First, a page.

You've certainly made the case here for the need for a health care system that provides services to everyone. I think it's morally unacceptable that people are without health care in this country, or that some could become bankrupt due to health care costs.

This week "Frontline" on PBS TV aired a program focused on healthcare systems in various countries around the world. Anyone unfamiliar with other countries healthcare would find this program informative. Clearly there are possibilities and ideas that could be adopted or adapted here.

I agree it is ridiculous that pharmaceutical companies are not expected to provide uniform lowest drug costs to all of us.

I think we really need to pressure our congress to legislate for the voters -- that's us -- that's why we hired them. We're their employers!

I saw the FRONTLINE show that joared mentioned and I wish everyone in the U.S. could watch it. In every country that had universal health care people loved their system. In some, no appointments were necessary; you just show up at the doctor's office. No referrals were necessary so just think how much paper work would be saved by this one factor alone. The administrative costs were so low that it almost amounted to a 20% saving in health care costs. People think we couldn't switch from our complicated system overnight, but Switzerland did it and it works. One of the secrets was to eliminate the profit for the insurance and pharmaceutical companies. The fear was that they would no longer be able or interested in serving the public. That fear was unfounded as they still compete for the insured because they can then sell them other forms of insurance.

We could study all of these many successful plans (as Taiwan did) and avoid the pitfalls and improve the pluses and come up with a wonderful universal coverage plan. It can be done; we just need to convince our legislators to do it.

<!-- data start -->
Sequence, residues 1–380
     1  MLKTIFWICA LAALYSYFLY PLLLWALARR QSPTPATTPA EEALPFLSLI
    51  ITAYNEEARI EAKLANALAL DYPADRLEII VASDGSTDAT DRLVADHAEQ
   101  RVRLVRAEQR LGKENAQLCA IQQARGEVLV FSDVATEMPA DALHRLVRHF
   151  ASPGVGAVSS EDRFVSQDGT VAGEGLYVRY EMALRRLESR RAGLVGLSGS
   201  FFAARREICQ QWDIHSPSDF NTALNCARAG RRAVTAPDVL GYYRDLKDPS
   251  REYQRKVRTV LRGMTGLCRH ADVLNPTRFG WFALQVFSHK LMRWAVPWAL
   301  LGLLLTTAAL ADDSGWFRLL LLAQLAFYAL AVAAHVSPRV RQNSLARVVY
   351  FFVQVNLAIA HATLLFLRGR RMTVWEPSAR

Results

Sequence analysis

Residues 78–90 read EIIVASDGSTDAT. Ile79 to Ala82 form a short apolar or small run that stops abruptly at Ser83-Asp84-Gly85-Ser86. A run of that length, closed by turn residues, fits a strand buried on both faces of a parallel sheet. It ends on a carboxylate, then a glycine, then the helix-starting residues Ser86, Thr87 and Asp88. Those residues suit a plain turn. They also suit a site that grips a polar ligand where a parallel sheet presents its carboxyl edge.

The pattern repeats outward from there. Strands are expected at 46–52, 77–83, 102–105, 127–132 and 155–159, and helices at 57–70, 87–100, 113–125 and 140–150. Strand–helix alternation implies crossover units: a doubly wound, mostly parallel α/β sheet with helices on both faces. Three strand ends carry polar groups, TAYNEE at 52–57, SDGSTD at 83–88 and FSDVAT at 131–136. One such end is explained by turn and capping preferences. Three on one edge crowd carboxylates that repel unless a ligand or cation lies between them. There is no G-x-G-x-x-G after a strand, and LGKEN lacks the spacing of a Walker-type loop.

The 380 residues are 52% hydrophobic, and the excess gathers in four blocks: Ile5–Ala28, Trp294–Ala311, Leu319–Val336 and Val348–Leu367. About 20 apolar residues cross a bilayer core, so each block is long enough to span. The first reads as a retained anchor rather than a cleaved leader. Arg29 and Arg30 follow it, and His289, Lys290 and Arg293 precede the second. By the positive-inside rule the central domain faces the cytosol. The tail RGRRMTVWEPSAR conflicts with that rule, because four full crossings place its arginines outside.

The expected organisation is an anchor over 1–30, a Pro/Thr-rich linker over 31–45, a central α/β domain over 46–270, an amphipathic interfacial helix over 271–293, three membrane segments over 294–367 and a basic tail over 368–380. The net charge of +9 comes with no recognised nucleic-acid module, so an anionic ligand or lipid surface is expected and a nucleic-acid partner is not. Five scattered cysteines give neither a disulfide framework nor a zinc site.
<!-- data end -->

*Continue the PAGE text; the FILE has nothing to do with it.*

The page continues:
Do you think it is possible to have a Universal Health care system that is not full of monetary abuse?

I am on Medicare and it works just fine. Really! Except that I am ,Thank God, fairly healthy and still I have to follow my Doctor's orders and have what I consider to be unnecessary tests. Medicare pays for me to have an MRI for a slight pain in my shoulder (Dr's Orders).My husband is constantly being sent for tests so the doctor can defend himself in court in case something happens.

We have to stop being so litigious and take some responsibility for our own actions. Somebody smokes for 50 years then blames the doctor when they get lung cancer.If we would stop suing the doctors for everything that is wrong with us, perhaps they wouldn't order all those unnecessary tests.


In Florida, because of abuse of expensive testing equipment,such as MRI machines, a doctor is not allowed to tell his patient to have any test that is on equipment that he has a personal stake in. So, they just refer their patients around to each other.

And don't get me started on the doctors who fought Medicare tooth and nail in the 60's and now buy yachts and cars with all the money they are making.

Just go to visit someone in the hospital. Here is what you will see. A whole floor filled with people who are over 65 and are on Medicare. They keep them in the hospital and convalescent homes as long as their medicare coverage is in force.

But, go to the First floor and you will see the younger women having "Drive thru" Mastectomies because their "Civilian" insurance will only pay so much for that procedure.

One doctor put my Dad in the hospital when he was 84 years old and dying. He came to see him one day and found him down in spirits. So, he called his friend from Med School, The psychiatrist, and had him look in on Dad. My Dad asked him if he were 84 years old and dying would he be a little down in the dumps? For the visit to Dad the doctor charged Medicare $200.00...

It could be a good thing if all those insurance people had to go to work for the Government. Maybe with all their "Civilian" insurance training they could bring some of the practices that make insurance companies so successful to Universal Health Coverage.